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Some say the world will end in fire, some say in ice
The trouble with all the hype about global warming is that it isn’t true. I wish it were.
Why would anyone living at Headingley’s latitude complain about a little less time in the deep freeze each winter?
But every year it’s the same old, same old. The pond is usually frozen over by Nov. 15 and the snow is seldom completely gone by April 15.
And we should be able to recognize climate change when we see it. We get it twice annually. It’s called fall and spring.
What’s harder to understand is why anyone still pays attention to the apocalypse-now crowd, when they’ve been shouting wolf for the last three or four decades and nothing’s happened.
It seems these folks have a sort of Monty-Python-Doomsday-Club gene in their systems that makes them unable to resist the impulse to issue dire warnings about the end of the world.
Doesn’t seem to matter by what means: mad cow disease, Y2K, errant comets, global cooling, global warming, sin…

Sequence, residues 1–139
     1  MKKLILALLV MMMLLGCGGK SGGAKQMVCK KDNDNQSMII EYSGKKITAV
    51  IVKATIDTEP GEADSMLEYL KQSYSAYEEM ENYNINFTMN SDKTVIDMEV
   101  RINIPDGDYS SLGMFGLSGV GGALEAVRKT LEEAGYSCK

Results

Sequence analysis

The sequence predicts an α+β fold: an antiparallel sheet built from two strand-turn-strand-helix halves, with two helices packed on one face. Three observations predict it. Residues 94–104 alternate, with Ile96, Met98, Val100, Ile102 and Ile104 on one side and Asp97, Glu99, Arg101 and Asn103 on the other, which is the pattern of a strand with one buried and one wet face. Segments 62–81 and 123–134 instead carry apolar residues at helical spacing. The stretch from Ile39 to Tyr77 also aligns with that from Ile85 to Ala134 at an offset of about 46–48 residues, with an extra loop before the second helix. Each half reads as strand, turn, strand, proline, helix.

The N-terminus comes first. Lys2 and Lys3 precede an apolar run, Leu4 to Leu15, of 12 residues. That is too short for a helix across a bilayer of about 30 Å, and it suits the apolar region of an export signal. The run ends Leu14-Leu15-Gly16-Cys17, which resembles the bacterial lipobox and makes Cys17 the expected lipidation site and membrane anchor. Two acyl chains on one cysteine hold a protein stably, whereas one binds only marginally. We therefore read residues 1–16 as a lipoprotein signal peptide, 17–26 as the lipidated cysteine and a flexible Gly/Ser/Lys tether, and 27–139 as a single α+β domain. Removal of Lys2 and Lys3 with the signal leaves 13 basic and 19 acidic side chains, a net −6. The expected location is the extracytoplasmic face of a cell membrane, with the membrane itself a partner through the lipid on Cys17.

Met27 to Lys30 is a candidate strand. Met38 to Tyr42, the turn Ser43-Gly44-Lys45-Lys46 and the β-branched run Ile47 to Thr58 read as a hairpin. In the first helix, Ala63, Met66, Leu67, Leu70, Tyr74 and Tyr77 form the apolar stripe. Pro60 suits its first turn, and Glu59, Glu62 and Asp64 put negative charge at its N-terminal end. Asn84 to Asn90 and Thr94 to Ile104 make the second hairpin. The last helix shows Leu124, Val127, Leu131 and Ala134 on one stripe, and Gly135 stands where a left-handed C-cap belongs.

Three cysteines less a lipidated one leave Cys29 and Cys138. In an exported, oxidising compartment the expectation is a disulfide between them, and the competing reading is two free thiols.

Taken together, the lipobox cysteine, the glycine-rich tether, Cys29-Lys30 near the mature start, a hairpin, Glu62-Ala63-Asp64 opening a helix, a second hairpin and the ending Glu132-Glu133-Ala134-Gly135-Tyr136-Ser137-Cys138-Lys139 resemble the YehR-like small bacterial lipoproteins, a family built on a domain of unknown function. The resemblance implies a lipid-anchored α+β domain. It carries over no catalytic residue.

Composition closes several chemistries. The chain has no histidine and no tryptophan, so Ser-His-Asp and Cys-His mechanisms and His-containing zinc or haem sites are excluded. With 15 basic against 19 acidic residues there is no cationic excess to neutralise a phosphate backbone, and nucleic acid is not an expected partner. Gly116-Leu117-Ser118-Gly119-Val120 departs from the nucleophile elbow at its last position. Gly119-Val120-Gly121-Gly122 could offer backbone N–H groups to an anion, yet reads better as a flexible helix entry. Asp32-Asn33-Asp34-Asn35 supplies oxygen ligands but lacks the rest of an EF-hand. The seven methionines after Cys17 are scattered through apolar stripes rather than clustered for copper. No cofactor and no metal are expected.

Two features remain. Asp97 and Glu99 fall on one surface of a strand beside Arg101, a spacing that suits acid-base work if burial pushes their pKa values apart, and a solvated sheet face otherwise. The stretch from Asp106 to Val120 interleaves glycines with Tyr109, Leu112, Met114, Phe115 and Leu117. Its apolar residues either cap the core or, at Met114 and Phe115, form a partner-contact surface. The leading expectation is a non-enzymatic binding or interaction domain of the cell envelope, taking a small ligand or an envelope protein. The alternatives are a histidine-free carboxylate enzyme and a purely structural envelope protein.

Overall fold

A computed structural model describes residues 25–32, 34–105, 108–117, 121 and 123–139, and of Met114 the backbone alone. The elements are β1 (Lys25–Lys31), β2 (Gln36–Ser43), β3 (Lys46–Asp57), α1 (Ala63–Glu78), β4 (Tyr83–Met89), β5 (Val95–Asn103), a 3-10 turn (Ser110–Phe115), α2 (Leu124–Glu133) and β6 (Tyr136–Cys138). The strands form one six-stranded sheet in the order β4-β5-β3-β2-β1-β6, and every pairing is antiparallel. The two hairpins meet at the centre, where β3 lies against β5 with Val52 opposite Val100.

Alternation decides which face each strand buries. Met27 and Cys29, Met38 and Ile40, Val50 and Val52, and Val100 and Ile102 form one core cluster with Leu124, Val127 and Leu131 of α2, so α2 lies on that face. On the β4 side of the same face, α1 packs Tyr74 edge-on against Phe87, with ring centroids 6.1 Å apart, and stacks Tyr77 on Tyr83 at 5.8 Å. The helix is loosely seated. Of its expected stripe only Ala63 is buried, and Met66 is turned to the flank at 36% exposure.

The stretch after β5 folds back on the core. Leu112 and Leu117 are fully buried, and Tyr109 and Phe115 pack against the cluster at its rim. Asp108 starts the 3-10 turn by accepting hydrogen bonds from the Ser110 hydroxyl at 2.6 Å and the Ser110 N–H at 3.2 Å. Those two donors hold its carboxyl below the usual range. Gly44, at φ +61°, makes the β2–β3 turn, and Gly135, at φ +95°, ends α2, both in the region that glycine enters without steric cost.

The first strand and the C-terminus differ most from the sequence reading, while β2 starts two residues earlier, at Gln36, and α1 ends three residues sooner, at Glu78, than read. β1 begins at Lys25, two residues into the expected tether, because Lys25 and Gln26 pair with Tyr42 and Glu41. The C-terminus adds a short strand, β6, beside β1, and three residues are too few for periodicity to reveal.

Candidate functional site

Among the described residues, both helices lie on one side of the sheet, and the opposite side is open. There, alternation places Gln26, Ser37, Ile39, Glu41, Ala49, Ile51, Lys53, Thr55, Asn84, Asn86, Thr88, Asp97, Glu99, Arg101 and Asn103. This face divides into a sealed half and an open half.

In any event, don’t expect them to throw in the towel anytime soon.
Last spring, for example, Paul Beckwith of Sierra Club Canada confidently told the world that the Arctic seas would be ice-free this past summer (2013). The BBC made the same prediction.
That drew boat owners of every description eager to make it through the fabled Northwest Passage. They came in yachts, sailboats, rowboats, kayaks — even a few on jet-ski personal watercraft.
The fun didn’t last long. It turned out to be one of the coldest summers on record. By late August, ice blockages were forming on some channels. By September, ice had sealed the passage and locked at least a dozen craft in its fearsome embrace.
Losses will be extensive. Some of the boats were luxurious, costly vessels. All will be write-offs.
Although the media constantly bombards us with reports of retreating ice in the Arctic, it’s been revealed that as of the end of September the net ice coverage on northern waters was 73% greater than at the same time last year.
The adventurers should have known better. Our planet’s overall temperature has not wavered much for the last 17 years. In 2007, NASA predicted cooler winters until 2030.
Even a better acquaintance with the historical record might have helped. In the mid-18th century British scientists and explorers were dumbstruck by the dramatic disappearance of Arctic ice. Imminent open-water travel through the Northwest Passage was forecast. Then, like Doc Williams’ cat, the ice came back.
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(1 of 6 articles for this month)04/17/2014 1:00 AM 0
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